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May 26, 1967 - Image 32

Resource type:
Text
Publication:
The Detroit Jewish News, 1967-05-26

Disclaimer: Computer generated plain text may have errors. Read more about this.

D icorkin-jonasWedding _Marcia Dresner to Wed

Ross-Brooks Vows

Planned for December 11 r.DanLitvin of Israel to Be Spoken Sept. 10

MISS SHIRLEY DWORKIN

Mr. and Mrs. Albert Dworkin
of Hartwell Ave. announce the en-
gag,ernent of their daughter Shir-
ley Ann to Lawrence Harry Jonas,
son of Mr. and Mrs. Sol Jonas
of Hartwell Ave., and the late
Florence Jonas.
The bride-elect is a graduate of
Wayne State University's college
of education. Her fiance attends
Wayne State University's college
of business administration.
A December wedding is planned.

Carol Lubin

MISS KATHLEEN ROSS

MISS CAROL LUBIN

Mr. and Mrs. Albert K. Lubin,
of Brooks Lane, Southfield, an-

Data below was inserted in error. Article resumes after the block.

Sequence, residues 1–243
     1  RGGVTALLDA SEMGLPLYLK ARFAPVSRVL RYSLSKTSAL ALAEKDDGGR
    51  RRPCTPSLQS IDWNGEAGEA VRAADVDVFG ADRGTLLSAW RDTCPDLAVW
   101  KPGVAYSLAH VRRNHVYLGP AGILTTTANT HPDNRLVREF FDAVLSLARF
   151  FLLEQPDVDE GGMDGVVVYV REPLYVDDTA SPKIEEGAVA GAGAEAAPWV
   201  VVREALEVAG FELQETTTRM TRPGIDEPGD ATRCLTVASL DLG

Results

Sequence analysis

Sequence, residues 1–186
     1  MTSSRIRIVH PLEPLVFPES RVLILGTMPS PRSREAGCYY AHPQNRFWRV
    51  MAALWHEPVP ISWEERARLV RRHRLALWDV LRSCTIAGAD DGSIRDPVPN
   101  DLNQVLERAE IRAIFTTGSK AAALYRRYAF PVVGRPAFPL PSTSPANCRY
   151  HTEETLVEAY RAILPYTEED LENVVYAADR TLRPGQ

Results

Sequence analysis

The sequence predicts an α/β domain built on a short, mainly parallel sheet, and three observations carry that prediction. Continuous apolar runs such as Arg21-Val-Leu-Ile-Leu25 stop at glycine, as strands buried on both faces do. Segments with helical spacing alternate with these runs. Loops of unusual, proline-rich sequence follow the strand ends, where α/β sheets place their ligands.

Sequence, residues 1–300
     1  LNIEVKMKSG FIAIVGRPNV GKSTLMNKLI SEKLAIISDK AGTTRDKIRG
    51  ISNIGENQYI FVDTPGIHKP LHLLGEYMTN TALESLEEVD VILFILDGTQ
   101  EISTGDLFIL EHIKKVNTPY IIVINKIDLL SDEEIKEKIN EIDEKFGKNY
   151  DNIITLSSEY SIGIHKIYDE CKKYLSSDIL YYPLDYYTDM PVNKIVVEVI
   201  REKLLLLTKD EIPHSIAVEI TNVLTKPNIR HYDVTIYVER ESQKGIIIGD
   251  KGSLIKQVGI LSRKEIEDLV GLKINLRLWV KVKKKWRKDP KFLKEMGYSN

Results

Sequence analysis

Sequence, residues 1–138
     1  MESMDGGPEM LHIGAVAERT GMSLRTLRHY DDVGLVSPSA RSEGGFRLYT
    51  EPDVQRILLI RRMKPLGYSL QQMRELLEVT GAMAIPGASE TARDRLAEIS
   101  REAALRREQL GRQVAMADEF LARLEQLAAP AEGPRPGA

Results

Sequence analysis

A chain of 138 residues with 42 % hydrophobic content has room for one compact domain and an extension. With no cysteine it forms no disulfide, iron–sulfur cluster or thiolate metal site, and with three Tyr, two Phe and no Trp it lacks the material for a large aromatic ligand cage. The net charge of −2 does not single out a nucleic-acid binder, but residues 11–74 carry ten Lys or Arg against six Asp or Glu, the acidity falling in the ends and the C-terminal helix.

nounce the engagement of their
daughter Carol Ruth to Jay II.
Levin, son of Mr. and Mrs. Jacob
A. Levin of Pittsburgh.
Miss Lubin is a graduate of the
University of Michigan. Her fiance
is a summa cum laude graduate
of the University of Pittsburgh
where he was elected to Phi Beta
Kappa and received an honorary
Woodrow Wilson Fellowship. Ile is
working on his doctorate in eco-
nomics at the University of Mich-
igan.
A July 23 wedding is planned.

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Memmi's 'The Liberation of the Jew':
_Betrothed p robing of Author's Sensitive Soul

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MISS MARCIA DRESNER

Friday, May 26, 1967-33

THE DETROIT JEWISH NEWS

Albert Memmi posed many ques- . his destiny into his own hands."
tions in his earlier works. He was
Anxieties caused by mixed mar-
in a quandary over the treatment , riages are discussed by taking into
' Jews received in his native land, consideration the new conditions
TUnisia. He now teaches at the and the possibilities of vast in
' Sorbonne in Paris where he re- creases in intermarriages. Memmi
; ceived his degree in philosophy. is convinced that mixed marriages